Our Blog

Removing the Change of Control Provision from our Seed Deals

We founded True Ventures with the premise that we would create a firm that entrepreneurial founders could trust. As such, we consistently review what terms are appropriate for the size and stage of our investments into new companies.

Recently, based on internal feedback from our team and our founders, we have decided to change a key term around change of control in our seed investments.  The specific language for this is usually tucked into a longish paragraph about Protective Provisions which states that a change of control cannot occur without the consent of a majority of the Preferred stockholders.

At the earliest of stages when we have made only a small, seed stage investment, we believe that it is appropriate for founders to control the decision about the potential sale of their business.  Since launching True in 2005, we have never enforced this term nor have we ever planned to in our seed stage deals.

In keeping with that theme, we have decided to remove the “Change of Control” provision from our seed stage deals moving forward.  We believe that entrepreneurs are our customers, and we believe this small word change exhibits the much larger issue of mutual trust that our Founders and True maintain.


  • Can we get a quantitative definition of “seed?”

    All deals <$200k ?

    This could help you avoid the temptation of picking and choosing when you ask for the change of control term.

    And that way you'll never have to tell a company "we don't really view this deal as a "seed," more of a "pre-A" really" :)


  • Nicely done.

    • by Lateef

    • on August 19, 2010

  • Yeah, because without some firm numbers, it’s a little unclear what I am being offered here in this post. It’s a little slippery.

    We’ll not include a specific term in privately negotiated contracts according to our discretion on what qualifies for such treatment (ie it’s our unbounded judgment if this is “seed” or not)??

    Not sure what this gets me.

    Sharp negotiators…


  • Hi Scott,

    For us, Seed Deals are defined as between $200,000 and $600,000 of invested capital.

    Since day one, all of our docs are clean and simple: no tricks, no onerous voting provisions, no multiples on liquidation preference, no participation, no board control, yes generous founder vesting and yes ample acceleration for Founders upon change of control.

    One of our Founders eloquently told a roomful of our LPs that True “doesn’t do any of that sneaky VC sh%t.” … which is just another way of saying that we’re a VC firm that entrepreneurs can trust. :)

    • by adam

    • on August 19, 2010

  • Thanks Lateef!

    • by adam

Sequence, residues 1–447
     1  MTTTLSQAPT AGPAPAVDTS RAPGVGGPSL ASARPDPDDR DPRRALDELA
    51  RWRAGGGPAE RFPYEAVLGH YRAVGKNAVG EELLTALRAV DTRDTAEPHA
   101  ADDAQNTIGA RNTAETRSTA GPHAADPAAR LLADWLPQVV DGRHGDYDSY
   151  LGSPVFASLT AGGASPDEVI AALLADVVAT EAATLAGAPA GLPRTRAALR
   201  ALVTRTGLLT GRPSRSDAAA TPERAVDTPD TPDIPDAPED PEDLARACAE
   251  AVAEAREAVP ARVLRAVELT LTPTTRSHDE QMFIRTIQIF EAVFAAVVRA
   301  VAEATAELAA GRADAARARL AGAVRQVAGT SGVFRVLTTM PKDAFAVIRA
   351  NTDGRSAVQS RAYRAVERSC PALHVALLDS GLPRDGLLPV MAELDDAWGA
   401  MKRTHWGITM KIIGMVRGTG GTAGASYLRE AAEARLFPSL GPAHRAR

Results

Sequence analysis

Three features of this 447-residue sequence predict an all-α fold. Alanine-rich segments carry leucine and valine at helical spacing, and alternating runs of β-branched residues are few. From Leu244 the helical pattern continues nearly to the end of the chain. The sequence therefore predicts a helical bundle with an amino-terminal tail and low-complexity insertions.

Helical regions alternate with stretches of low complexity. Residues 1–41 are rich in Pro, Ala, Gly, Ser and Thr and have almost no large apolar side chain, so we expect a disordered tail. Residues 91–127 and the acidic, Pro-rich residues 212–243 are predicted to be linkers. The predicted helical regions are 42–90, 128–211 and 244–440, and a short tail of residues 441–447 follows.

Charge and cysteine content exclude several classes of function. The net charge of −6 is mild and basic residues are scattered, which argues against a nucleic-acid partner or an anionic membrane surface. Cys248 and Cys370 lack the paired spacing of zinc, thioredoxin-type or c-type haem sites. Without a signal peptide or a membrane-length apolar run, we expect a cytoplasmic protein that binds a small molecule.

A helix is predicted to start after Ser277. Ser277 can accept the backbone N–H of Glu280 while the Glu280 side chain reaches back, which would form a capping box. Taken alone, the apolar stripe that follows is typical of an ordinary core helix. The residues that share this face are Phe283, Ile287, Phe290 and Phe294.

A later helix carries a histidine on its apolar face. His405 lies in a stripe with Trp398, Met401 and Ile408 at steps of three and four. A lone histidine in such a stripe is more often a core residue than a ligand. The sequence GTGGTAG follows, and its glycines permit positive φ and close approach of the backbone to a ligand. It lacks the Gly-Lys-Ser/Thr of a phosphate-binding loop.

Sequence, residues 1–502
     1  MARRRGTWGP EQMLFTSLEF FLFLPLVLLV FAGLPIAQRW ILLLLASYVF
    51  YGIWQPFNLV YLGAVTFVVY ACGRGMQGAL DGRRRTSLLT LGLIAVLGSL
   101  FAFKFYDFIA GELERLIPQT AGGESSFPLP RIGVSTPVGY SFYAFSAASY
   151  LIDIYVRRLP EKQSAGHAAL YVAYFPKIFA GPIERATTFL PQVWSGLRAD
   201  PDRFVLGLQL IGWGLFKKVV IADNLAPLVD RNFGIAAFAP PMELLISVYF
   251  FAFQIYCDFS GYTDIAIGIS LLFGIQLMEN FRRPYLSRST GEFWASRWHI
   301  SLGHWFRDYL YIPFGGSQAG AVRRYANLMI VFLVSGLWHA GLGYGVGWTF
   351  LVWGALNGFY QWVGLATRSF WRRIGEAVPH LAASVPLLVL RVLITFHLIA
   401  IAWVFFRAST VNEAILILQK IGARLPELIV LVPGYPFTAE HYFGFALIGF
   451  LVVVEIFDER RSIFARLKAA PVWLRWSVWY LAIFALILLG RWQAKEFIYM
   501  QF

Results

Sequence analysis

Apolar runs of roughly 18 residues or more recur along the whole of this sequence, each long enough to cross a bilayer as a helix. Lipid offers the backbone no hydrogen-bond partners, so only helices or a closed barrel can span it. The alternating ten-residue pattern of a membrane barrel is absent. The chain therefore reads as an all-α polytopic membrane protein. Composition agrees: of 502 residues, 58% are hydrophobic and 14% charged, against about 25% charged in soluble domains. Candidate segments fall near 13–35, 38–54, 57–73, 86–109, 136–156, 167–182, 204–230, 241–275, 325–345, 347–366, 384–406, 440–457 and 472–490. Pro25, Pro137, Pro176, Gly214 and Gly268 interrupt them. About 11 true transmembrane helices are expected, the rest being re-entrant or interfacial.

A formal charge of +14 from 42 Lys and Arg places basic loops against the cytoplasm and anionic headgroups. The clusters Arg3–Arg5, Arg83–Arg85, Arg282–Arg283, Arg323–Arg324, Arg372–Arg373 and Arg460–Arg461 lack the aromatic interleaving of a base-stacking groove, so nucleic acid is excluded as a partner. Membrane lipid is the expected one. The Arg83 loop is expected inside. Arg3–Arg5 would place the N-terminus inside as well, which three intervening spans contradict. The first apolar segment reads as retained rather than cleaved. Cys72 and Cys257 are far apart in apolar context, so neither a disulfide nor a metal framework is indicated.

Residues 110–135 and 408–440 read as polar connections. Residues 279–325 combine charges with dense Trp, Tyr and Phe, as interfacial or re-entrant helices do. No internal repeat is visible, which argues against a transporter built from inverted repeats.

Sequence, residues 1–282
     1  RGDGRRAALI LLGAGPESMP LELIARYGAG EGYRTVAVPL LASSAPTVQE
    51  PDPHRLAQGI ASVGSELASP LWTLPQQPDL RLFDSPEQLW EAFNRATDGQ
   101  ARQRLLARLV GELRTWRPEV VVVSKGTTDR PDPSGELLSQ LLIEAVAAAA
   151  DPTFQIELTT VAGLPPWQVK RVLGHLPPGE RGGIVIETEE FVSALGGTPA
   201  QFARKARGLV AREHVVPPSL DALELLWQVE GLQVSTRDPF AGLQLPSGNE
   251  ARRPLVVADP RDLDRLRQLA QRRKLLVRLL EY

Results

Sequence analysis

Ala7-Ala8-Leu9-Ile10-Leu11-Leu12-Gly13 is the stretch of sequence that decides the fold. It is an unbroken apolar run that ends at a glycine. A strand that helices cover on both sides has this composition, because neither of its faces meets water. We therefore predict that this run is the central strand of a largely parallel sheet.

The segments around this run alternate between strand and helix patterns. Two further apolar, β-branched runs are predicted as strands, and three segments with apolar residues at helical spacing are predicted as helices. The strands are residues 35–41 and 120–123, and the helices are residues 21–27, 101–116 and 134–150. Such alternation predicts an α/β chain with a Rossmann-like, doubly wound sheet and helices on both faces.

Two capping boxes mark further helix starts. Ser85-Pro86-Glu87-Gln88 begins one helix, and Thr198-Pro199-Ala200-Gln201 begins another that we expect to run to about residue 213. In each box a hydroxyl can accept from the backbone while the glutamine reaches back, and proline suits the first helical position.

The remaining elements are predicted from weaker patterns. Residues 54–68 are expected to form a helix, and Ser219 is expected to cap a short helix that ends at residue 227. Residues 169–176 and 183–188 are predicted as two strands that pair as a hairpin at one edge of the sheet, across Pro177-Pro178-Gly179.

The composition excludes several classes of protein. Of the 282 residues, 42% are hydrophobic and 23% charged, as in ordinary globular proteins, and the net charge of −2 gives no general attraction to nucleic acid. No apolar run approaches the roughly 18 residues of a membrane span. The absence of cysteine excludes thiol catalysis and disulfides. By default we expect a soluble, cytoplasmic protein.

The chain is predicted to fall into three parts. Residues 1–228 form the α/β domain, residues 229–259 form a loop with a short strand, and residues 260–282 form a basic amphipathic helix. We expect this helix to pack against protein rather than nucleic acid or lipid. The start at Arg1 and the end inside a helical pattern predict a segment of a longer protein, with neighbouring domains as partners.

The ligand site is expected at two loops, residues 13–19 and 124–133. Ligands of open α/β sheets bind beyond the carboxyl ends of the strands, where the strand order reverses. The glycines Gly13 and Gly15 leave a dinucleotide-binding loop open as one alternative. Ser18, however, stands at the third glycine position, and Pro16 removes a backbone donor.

• on August 19, 2010

  • Well I, for one, am satisfied by this plain answer! It’s a straight shooter answer: no change of control term on all deals <$600k.

    Solid, I am glad I asked for clarification.


    …but I'll admit I thought Lateef was giving me props :)

    Lateef, clarification ? :)

  • So for companies under $200,000 you will have this restriction?

    • by Manish M

    • on August 19, 2010

  • […] Removing the Change of Control Provision from seed deals (Source) […]

  • Ha! good catch. I was reading too quickly (I was in a meeting :) but I didn’t pick up on that distinction… Or I guess I thought that True Ventures doesn’t do deals <$200, because with the "Paul Graham" sized deal, and the "Ron Conway" sized deal firmly under $200k, I would say it is the very clear "common understanding" that a deal <$200k is a "seed" deal.

    Unless you want to start telling companies "We don't view this as a "seed" deal, more of a "pre-seed" really." :) (I will say that, I have heard the term "pre-A" on a few rare, and to paraphrase, decidedly "sneaky" occasions, I have never heard the term "pre-seed"!!)


  • […] Removing the Change of Control Provision from seed deals (Source) […]

  • Hi Scott and Manish,

    We have not historically done deals below $200,000 (which is where the bottom of the bracket came from.)

    Deals below $200,000 would also be treated as seed deals – just like deals between $200,000 and $600,000.

    • by adam

    • on August 19, 2010

  • Well, this gives me some measure of hope that perhaps “transparent” VC is indeed possible.

    Maybe the back-and-forth here is a good indication of being on the bleeding edge of that transformation. This is complex stuff and it’s going to get a little messy when you bring it out from the dim closed boardrooms where it’s normally hashed out.



  • […] of the Silicon Valley firms, True Ventures, has removed this clause from their term sheets entirely:http://www.trueventures.com/blog…(Disclosure: True Ventures is an investor in Vurve.com)Insert a dynamic date hereCannot add comment […]

Back to top